‘She [Erika] had the gas logs burning in the small false fireplace at one end of the room, and it was warm and comfortable in there. The apartment itself was neat and feminine, furnished in Danish Modern, with a lot of frilly throw pillows and some quite white-and-black fluff rugs and a big panda bear setting in one corner like a naughty child. The walls were filled with wood and glass figurines on dainty shelves, and impressionistic and experimental prints…Over the door leading to the kitchen was a funny little scroll plaque that said: Evil Is a Very Bad Thing.’
There are also detailed descriptions of the characters and the San Francisco setting for the story.
The story itself isn’t exactly one of those ‘It all works out in the end,’ sort of stories. But there is some wit in it. And although some very unpleasant things happen, Nameless continues to be determined to do his best to set the world right.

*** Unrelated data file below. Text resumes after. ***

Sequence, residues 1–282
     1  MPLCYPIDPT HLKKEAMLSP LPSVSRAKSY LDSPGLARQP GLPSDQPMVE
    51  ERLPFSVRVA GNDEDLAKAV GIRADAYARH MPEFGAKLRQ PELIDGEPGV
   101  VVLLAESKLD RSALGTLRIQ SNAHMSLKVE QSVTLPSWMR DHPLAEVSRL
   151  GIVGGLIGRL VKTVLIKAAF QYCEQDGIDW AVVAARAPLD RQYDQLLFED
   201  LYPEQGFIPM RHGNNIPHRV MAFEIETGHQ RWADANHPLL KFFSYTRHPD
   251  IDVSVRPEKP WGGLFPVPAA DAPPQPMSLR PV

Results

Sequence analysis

The Snatch is the story of what happens when an abduction touches the lives of the rich and powerful. It takes place in a distinctive San Francisco-area setting, and introduces an iconic fictional sleuth. But what’s your view? Have you read The Snatch? If so, what elements do you see in it?
Coming Up On In The Spotlight
Monday 22 December /Tuesday 23 December – Malicious Intent – Kathryn Fox
Monday 29 December/Tuesday 30 December – Mercy – Jussi Adler-Olsen
Monday 5 January/Tuesday 6 January – Confessions – Kanae Minato